OLMERT DECIDES TO INVESTIGATE HIMSELF!
Previously the Hedgehog noted the hesitancy of Israeli Prime Minister Ehud Olmert to appoint a commision to investigate the performance of his government and the Israel Defense Forces (IDF) in the recent combat operations in Lebanon. One may argue that this development operates in Olmert's favor--it proves that he does not only hestitate in military matters; it's a general trait. Dry Bones anticipates the results of the IDF investigation above.
Meanwhile, back in the Knesset, Prime Minister Olmert decided that the proper body to investigate his government is (drum roll) his government. He appointed his own commission. (Actually, at least one of the commissioners nominated by Olmert, Law Professor Ruth Gavison, would be a very good, and very independent-minded, choice.) His reasoning is that an independent "state" commission would distract attention from the real threat facing Israel, which is Iran. Even if that were a logical progression of thought, and it is not, it is difficult to understand why an independent "state" commission would interfere with the Israel's efforts to deal with Iran more than a government investigation. If anything, I would think it would be the opposite--having an independent commission conducting the investigation would allow the government to better devote its attention to the Iranian threat. However, one questions whether Israel will be able to address the Iranian threat, the Syrian threat, the Hezbollah threat, the Hamas threat or any other threat successfully until it constitutionally removes the more immediate threat of Mr. Olmert's failed leadership.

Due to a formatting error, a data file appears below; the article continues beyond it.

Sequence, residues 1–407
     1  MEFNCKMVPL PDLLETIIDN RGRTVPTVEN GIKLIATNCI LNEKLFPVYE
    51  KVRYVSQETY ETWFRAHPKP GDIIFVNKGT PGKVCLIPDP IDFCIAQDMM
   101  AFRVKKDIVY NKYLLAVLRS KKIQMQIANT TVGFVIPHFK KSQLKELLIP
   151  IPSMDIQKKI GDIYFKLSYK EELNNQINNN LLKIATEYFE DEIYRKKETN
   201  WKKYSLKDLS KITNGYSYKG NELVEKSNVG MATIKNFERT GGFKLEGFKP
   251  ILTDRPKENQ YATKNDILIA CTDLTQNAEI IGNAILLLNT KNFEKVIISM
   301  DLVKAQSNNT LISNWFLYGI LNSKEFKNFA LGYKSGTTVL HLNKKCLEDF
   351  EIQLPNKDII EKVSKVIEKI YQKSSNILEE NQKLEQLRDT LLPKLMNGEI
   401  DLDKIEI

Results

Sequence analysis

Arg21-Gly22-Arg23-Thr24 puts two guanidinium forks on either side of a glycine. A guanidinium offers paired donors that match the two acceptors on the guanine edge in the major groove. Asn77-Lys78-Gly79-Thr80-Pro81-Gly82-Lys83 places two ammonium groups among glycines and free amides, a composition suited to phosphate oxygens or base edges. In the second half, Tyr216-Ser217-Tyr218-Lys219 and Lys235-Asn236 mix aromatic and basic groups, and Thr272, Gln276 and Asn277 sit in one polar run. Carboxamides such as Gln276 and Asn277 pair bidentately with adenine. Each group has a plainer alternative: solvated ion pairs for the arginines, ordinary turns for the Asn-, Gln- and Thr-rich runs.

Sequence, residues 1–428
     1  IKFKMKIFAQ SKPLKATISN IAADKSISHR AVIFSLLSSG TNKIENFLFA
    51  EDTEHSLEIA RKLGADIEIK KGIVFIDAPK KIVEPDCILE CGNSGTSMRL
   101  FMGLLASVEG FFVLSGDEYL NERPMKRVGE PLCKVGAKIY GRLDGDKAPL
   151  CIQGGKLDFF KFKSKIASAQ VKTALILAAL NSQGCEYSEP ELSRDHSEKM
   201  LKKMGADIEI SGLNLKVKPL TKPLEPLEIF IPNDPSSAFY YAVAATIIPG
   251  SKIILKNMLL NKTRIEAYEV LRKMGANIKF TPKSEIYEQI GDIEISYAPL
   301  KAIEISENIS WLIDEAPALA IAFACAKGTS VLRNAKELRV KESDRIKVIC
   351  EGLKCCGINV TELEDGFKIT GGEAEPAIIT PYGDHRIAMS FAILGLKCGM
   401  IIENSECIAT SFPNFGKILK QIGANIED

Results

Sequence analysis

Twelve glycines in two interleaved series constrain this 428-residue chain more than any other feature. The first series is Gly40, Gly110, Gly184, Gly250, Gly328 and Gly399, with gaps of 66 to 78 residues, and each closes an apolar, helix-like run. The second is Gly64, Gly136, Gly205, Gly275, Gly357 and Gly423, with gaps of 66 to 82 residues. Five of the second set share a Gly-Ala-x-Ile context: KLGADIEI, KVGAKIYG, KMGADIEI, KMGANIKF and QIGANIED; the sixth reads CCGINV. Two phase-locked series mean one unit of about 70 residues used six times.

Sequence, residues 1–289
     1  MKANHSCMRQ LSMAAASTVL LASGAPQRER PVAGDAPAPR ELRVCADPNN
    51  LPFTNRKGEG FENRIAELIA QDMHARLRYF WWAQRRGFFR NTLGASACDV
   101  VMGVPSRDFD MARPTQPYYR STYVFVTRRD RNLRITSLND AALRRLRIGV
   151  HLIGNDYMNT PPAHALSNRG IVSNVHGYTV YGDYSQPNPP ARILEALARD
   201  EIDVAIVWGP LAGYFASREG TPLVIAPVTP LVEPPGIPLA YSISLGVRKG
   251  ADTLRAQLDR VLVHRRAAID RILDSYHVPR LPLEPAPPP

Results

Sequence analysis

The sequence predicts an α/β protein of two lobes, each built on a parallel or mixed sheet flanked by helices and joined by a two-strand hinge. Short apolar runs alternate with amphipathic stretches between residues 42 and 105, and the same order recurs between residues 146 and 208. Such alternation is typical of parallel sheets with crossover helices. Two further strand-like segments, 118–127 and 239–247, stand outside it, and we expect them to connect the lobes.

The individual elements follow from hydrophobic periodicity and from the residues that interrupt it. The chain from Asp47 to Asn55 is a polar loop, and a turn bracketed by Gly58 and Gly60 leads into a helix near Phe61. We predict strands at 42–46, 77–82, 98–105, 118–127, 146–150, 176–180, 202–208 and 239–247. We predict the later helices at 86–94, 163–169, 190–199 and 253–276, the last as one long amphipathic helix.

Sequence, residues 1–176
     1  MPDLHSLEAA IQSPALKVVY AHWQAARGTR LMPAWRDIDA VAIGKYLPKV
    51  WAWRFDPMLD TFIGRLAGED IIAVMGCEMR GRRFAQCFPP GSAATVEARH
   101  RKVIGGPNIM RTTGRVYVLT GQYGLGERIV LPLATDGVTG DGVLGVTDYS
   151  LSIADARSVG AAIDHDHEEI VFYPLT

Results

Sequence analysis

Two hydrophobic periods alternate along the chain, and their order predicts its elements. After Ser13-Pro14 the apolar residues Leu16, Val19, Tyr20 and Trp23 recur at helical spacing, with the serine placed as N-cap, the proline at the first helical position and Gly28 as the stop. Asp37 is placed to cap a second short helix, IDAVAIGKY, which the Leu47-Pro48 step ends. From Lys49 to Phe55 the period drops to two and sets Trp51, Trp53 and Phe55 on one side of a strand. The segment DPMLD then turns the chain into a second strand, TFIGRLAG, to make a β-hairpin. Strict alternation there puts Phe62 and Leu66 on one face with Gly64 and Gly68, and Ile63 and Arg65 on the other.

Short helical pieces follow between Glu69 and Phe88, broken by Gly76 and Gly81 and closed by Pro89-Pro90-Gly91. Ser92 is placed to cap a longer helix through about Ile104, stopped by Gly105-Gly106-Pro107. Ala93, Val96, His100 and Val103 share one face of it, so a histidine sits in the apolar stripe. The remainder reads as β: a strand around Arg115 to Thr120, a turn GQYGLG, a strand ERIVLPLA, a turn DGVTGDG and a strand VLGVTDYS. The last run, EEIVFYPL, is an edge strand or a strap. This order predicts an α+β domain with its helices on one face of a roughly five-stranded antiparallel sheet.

Happily, Mr. Olmert's proposal to investigate himself is earning the brickbats that it deserves right across the Israeli political spectrum, as reported here in the Jerusalem Post. The fact that many of the critical voices come from the Labor Party is just one of several indicators that Labor may be preparing to bolt the Kadima-led coalition government of Prime Minister Olmert. If so, Labor might join with the rightist and religious nationalist parties in a vote of no confidence in Olmert's government, leading to new elections.